The Container uestion • L .-1 0R some time past there has
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been considerable doubt as to the position of the container in respect of taxation. In some cases local licensing authorities permitted removable containers to be regarded as separate from the vehicles carrying them, when the unladen weights of the latter were under, cOnsideration. In other districts the containers had to be included in these weights. The result has been much confusion, and we have received scores of inquiries, which the ambiguous nature of the wording of the regulations made it extremely difficult satisfactorily to answer.
Recently an effort was made to clear up the situation by an amendment to the Finance Act, but the proposed remedy proved almost worse than the disease. Now, however, there is hope that the position will be clarified. At the moment of writing the matter has not been definitely settled-, but we have been advised that the authorities have agreed to a further amendment, which will allow a container to be considered as distinct from the unladen weight and, therefore, not subject to extra taxation. This is but another example where suitable representation, backed by powerful road-transport interests, has achieved recognition.
Should Pedestrians Be Controlled?
THE Briton is proverbially jealous of his socalled rights, and no better example of this can be found than in the case of the average pedestrian in his use of the road. This fact is conclusively proved by the various inquiries into road accidents when, so often, a vehicle driver is, rightly, exonerated from blame when fatalities or injuries have resulted from the crass stupidity of persons who have looked upon the road as giving them the same freedom of movement as the footpath. Almost any driver who spends long at the wheel can say with truth that he is constantly saving lives. The most striking example of the attitude Of many of the public is that displayed towards the crossings laid down for their convenience and safety. People will obstinately walk across main thoroughfares quite close to such crossings, often weaving their way through dense traffic. Many countries, the roads of which are much less congested than ours, have found it advisable to institute control for walkers. It might well be asked why, here, there should be such strong control of drivers and none whatever of the public in this respect. In Berlin and some American cities the jay walker is fined on the spot, and he has been brought to realize that this is entirely in his own interest. We believe that the police would. welcome some legal power with which to back their efforts in promoting safety. At present they often give advice, but this is so seldom heeded by the hurrying mob that it produces little effect. At first, any control might be resented, but we think that public opinion would soon veer in its favour, particularly if its effect became apparent in a reduction of the number of accidents. Frequently it is not the jay walker who suffers, but he may be primarily the cause of damage to vehicles or injury to other road users.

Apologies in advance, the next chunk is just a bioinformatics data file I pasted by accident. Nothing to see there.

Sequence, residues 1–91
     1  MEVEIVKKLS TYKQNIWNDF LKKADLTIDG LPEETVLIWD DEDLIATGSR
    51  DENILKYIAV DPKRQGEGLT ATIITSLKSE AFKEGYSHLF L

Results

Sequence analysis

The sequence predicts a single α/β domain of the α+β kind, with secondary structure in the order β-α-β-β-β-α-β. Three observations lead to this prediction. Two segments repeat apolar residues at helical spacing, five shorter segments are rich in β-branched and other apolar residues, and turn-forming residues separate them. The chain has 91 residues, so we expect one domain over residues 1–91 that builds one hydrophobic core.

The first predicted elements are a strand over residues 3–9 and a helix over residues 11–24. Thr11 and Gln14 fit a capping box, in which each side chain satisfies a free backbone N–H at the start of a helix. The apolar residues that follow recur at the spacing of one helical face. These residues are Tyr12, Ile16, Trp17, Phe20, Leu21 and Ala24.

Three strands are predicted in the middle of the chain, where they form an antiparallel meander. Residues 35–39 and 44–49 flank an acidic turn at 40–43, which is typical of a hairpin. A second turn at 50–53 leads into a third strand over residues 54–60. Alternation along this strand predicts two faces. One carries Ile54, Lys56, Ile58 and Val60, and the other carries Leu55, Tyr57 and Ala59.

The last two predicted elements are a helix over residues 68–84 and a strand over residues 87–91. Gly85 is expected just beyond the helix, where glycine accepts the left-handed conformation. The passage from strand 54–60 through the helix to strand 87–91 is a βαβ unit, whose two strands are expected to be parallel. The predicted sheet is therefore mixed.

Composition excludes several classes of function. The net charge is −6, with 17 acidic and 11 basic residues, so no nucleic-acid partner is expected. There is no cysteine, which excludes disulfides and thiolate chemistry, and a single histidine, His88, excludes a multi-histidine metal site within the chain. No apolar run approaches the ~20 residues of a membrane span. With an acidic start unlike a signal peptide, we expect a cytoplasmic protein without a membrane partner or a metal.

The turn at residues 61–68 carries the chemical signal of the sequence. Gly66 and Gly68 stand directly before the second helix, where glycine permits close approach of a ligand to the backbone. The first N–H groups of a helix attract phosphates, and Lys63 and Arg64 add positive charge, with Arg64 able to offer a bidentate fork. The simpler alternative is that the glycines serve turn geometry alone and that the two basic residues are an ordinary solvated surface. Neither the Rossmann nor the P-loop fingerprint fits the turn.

Trouble Ahead for the Law Breaker WHATEVER one may think of the law as it stands, it must, until such time as it can be amended, be observed. The Licensing Authorities are determined that it shall be respectedby all and they are prepared to take strong measures to that end. They are, moreover, well aware of the doubtful practices existing within the industry, and are suggesting means for preventing some of them.
Maintenance is a matter to which even closer attention will have to be devoted by operators. The standard of vehicle ,condition has risen since the introduction of the 1933 Act, but it is not yet entirely satisfactory. Stricter supervision over operation under Contract A licences may be exercised in the future, whilst steps will probably be taken to prevent unfair competition by the use of trailers behind private cars. The farmer C-licensee who works for hire or reward may also receive the attention of the authorities.